SRG’s most recent quarterly research found that a whopping 80% of online Canadians are watching YouTube every month. That is the highest reach in our six years of quarterly tracking. Daily reach is almost 15 million and 40% are being driven to the videos through social media, links and ways other than going directly to the destination.
On average, Canadians are watching 21 videos per week on YouTube and 2% said they watched between 100 and 300 in the past week. Their reasons for watching more YouTube content seem to be mainly because there is more and better content in general but also because there is more content catering to various interests as well as how-to videos and tutorials – from cooking to snowboarding – that inform and educate.
It doesn’t seem so long ago that YouTube was viewed as a bit of time waster and not taken very seriously. Now, after eight years of operation, it has evolved into a potent and credible channel for video entertainment. To celebrate its status as a legitimate medium, YouTube staged a major event on March 20 to announce it now has in excess of 1 billion unique users every month. That equates to viewership the size of 10 Super Bowl audiences.
With numbers like that it makes sense that, according to YouTube, all of the AdAge Top 100 Brands are running campaigns on the site. Pre-roll video ads are becoming quite common and on their last viewing occasion, 46% of Canadians were exposed to a pre-roll ad – and 30% of those viewers watched the pre-roll ad in its entirety.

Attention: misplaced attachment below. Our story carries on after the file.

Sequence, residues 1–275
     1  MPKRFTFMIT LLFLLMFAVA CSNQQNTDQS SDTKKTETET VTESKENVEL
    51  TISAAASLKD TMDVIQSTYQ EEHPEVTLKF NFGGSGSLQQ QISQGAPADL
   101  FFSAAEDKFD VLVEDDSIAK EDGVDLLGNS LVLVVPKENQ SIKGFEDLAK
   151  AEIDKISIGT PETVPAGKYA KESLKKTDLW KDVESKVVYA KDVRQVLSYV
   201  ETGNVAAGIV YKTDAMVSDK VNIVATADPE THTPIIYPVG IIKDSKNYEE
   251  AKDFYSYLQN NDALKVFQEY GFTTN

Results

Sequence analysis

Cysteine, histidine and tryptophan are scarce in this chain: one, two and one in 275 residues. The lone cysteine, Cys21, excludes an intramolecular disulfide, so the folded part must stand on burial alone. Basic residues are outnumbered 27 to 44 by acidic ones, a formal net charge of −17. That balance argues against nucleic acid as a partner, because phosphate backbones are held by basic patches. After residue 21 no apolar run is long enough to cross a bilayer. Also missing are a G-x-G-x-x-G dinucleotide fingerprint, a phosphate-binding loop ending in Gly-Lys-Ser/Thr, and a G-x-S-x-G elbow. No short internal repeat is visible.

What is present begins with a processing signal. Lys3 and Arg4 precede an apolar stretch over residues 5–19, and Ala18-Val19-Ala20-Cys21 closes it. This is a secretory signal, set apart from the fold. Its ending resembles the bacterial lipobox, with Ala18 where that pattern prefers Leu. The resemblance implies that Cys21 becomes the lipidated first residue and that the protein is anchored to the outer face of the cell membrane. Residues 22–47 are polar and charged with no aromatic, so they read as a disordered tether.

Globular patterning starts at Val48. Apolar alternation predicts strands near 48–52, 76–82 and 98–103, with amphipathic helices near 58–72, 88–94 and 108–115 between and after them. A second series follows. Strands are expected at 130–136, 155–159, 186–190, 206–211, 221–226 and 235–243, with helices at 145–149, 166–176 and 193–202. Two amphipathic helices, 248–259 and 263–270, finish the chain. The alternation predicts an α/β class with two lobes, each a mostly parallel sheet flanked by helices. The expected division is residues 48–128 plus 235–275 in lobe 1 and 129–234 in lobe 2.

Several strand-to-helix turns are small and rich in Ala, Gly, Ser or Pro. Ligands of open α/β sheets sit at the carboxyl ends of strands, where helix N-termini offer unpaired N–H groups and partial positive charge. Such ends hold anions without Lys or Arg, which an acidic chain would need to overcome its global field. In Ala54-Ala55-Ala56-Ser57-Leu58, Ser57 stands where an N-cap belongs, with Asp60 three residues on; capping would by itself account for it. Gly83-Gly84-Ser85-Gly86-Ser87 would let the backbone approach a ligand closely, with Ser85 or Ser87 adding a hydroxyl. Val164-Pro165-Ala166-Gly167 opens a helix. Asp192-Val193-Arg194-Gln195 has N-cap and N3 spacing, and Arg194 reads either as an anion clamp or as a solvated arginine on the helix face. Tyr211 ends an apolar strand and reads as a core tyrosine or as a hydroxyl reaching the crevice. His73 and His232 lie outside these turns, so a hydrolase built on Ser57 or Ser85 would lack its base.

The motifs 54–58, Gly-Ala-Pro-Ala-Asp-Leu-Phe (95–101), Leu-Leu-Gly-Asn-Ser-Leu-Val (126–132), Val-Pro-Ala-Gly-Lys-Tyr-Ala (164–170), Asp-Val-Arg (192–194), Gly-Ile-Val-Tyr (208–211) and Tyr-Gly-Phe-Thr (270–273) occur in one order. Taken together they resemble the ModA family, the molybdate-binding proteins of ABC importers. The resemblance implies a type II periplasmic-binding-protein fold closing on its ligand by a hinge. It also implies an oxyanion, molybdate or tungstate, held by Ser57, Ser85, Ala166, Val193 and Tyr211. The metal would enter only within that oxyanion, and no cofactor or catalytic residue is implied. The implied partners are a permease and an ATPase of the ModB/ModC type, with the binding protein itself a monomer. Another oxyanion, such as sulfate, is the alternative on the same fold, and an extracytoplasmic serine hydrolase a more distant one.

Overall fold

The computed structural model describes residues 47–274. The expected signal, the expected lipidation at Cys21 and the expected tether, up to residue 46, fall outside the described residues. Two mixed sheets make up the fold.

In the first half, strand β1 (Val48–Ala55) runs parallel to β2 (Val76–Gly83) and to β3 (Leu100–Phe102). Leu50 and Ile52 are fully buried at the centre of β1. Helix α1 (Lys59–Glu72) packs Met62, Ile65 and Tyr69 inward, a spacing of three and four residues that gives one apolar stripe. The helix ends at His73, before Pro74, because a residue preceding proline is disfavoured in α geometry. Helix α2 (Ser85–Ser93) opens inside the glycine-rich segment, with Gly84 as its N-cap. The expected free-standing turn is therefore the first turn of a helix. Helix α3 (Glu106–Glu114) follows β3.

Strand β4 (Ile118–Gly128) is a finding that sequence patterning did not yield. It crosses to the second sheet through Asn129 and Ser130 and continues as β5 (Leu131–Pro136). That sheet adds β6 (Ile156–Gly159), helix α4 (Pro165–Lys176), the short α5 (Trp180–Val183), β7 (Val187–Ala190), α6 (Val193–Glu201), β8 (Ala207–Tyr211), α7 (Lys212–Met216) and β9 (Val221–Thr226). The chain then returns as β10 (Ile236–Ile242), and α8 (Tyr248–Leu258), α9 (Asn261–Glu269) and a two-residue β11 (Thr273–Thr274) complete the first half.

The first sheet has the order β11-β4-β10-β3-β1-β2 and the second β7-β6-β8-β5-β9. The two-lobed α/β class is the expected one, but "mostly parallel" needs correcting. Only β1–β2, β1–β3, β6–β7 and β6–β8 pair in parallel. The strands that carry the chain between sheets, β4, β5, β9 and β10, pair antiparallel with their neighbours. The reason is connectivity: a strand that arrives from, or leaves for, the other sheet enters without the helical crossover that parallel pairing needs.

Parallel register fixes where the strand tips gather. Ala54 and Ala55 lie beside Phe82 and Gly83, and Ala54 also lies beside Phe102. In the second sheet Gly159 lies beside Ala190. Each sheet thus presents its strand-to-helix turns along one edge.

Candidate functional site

In the past month, 22% of Canadians watched YouTube video on an internet-enabled device other than a PC or laptop. As content improves in quality, Canadians increasingly want to watch their favourite video on the big screen as well. One-in-five (19%) connected their PC or laptop to a bigger TV screen to watch YouTube. We expect this trend to continue apace with the explosion in the numbers of connected-TV sets, smart TVs and TV apps.
Although its roots are in short-form video, engaging longer content is increasingly popular making YouTube a launching pad for aspiring new talent and we’re seeing the emergence of a new star system. Top YouTubers among Canadians include names like Jenna Marbles and Nigahiga, Shane Dawson and Smosh.com.
Epic Meal Time is a Canadian success story. At #3 in our list of top 15 YouTubers among Canadians, Epic Meal Time has attracted 4.1 million subscribers worldwide. Its special episode with Jamie Oliver attracted 1.6 million views.
But beyond the pre-roll ads, YouTube is also a popular tool for those doing pre-purchase research. In the past month, 29% (about 7.5 million Canadian consumers) have a watched a YouTube video for or related to something they are interested in buying.
With this type of consumer behaviour and the news that some of the popular YouTube channels may soon up their game and charge subscribers, the opportunities for advertisers to reach targeted, engaged audiences are becoming virtually endless.
Technical: The results of YouTube in-depth comes from SRG’s Digital Life Canada study which interviews 1,000 online Canadian consumers aged 12 and older every quarter.